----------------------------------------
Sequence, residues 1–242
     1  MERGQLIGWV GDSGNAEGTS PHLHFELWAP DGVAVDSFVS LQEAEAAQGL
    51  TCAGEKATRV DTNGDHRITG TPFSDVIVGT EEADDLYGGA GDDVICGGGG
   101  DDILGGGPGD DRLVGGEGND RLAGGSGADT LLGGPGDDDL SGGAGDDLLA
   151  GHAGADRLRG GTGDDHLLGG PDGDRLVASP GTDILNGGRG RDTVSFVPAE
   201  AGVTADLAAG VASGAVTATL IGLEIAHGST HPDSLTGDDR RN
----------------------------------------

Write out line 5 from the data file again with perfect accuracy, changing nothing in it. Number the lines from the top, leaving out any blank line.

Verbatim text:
   151  GHAGADRLRG GTGDDHLLGG PDGDRLVASP GTDILNGGRG RDTVSFVPAE